Monday, June 25, 2012

In offense of LeBron James

There’s a massive hysteria going on right now as the NBA post season  commences. Miami Heat finally won the championship over a helpless Oklahoma City Thunder and LeBron James finally snatched a ring to underscore his MVP titles and record-beater digits.  Understandably, the bandwagonry is just overwhelming.

With this comes the proclamation by some that the era of hating LeBron James ends, or should end here. I disagree.

I don’t “hate” LeBron in the most literal sense of “hating” but I do hate him in an NBA fan way of hating.

Before 2010 that the self-proclaimed King was reigning over Cleveland Cavaliers, my eyes were already hot for him. And why not, since LeBron was dominating the East during All Star Games plus his bravados were not that any charming at all. At last, when he finally led the Cavaliers to finals and lost, I shared few of his sentiments and the frustration that came with it. I understand that it must be tiring, giving best shots after best shots to no effect. A trade or a transfer is inevitable, I said.

But lo and behold. Instead of playing the hero’s part, LeBron magically turned himself into a huge villainous creature in a sweep of a moment. Not only that the Cavaliers were not courteously informed of his transfer, a massive circus was mounted and with all its spectacle and delays announced LeBron’s new home – the Miami Heat.

There should have been certain honesty in it. Imagine LeBron carrying the entire weight of the team for seven solid years. Drafted straight from high school with all the record smashing performance, it’s natural for him to seek a better court where he could validate his claim of being “The Chosen One.” It could’ve been another normal transfer. It happens all the time. And yet it didn’t.

Instead, he basically told the entire world via live broadcast that he’s done being surrounded with talentless people and he’s better off somewhere where he can be with the bests like he always is. And then they made a huge publicity stunt with the formation of The Big Three and then came the prophetical words of LeBron about winning “not one, not two, not three, not four, not five, not six, not seven championships.”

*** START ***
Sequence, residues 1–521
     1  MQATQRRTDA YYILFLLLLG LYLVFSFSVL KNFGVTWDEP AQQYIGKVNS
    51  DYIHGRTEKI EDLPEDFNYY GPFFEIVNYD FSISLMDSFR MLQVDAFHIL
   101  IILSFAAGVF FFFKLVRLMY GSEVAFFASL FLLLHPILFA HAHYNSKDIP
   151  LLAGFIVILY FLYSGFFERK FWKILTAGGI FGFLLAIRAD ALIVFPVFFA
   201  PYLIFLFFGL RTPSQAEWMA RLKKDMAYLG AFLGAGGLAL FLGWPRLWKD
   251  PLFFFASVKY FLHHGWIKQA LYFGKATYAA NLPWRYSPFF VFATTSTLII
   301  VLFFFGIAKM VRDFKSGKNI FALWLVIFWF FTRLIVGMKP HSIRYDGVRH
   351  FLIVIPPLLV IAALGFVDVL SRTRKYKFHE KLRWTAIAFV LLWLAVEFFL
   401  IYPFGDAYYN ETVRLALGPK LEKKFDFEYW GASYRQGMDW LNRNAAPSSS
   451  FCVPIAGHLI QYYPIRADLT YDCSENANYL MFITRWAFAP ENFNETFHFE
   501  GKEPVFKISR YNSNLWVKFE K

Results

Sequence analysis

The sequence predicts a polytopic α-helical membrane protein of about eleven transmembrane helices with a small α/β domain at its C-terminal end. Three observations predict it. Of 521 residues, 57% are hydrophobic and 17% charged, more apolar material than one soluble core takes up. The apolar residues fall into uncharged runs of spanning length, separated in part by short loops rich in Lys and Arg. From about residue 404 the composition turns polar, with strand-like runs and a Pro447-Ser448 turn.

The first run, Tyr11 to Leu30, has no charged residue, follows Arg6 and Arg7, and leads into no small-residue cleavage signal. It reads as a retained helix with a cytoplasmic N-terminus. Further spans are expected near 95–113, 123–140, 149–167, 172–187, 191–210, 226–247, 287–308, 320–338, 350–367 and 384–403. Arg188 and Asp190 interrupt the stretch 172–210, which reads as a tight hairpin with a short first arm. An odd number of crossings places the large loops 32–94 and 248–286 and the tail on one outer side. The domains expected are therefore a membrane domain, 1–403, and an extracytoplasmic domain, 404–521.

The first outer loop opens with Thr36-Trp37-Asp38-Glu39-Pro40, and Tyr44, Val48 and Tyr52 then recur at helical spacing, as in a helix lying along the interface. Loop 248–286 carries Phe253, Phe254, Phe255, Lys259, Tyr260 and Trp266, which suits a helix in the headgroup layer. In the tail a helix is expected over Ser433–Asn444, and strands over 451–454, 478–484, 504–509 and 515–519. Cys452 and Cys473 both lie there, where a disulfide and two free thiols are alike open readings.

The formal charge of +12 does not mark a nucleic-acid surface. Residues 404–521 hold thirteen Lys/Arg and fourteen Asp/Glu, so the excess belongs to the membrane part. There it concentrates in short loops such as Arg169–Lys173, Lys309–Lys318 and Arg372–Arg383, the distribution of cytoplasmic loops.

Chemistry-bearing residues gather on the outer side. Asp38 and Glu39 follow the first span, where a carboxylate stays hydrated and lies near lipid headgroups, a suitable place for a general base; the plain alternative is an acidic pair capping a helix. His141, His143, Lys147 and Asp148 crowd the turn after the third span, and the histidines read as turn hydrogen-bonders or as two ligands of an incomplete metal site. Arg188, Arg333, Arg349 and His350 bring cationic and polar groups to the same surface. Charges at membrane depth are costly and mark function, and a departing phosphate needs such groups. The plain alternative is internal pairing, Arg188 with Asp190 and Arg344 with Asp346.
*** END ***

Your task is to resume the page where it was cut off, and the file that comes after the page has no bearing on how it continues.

No one wants a bragging hero who hasn’t won a war yet. This is why the volume of hate towards LeBron further propagated last season. He failed and choked over his own conceited words.

Suddenly, we remember that he’s not that much of an ace since he cannot run offensively during the crucial final seconds of the game thus being useless in close-fights (imagine the Lakers-Celtics). That he will always remain prone to leg-cramps and he’s retaliation over the hate campaign against him was rather tasteless.

I have all respect for his undeniable talent and I would agree with him saying those people who hate him, probably like me, have bigger problems, living a more miserable life compare to the mansion where he goes home. I would also be honest that some of the hate rubbed on me because I’m a Kobe Bryant fan. But in case LeBron and his fans haven’t noticed, this is how the world of sports has been going on for the past millennia. Since we root for a certain individual, we tend to go against the other one and by going against doesn’t literally translates to hating. Yes we “hate” LeBron, make jokes about him and laugh at his minutest mistakes and sometimes go even further on personal attacks, but that’s just it.

He won a championship this year but that’s just one of the “seven” he proclaimed. I believe he still has a long way to go to pull together the set back he did during the 2010 stunts. And believing so doesn’t mean I’m a hypocrite or a phony basketball fan the way others are sneering on with the likes of me recently.

We lived in a world where LeBron James is called King. We lived in a world where LeBron James is The Chosen One. Now, we live in a world where The Chosen One becomes The Chosen Won. But I don’t believe it should stop me from having a go against him. For I don’t believe in those who went for the get-championship-quick scheme, yes among the many reasons.  In the words of the great Michael Jordan, he wouldn’t have contacted his rivals from other teams like Magic Johnson or Larry Bird so that they could huddle under one team and conquer universes basket after basket. It’s simply because he wants to kick their asses himself. That'show a real basketball champion should think!

And so in the world I inhabit, hating LeBron James is as perfectly normal as some people out there calling Kobe Bryant "Crocodile Kobe."

2 reaction(s):

Juan der Last said...
This comment has been removed by the author.
Juan der Last said...

Well, I don't like LBJ nor Kobe. Hate is too strong a word, and requires so much more energy than I'm willing to expend. Good for LBJ though. Can't say he doesn't deserve it this year. I just hope it's his last. Hehe.


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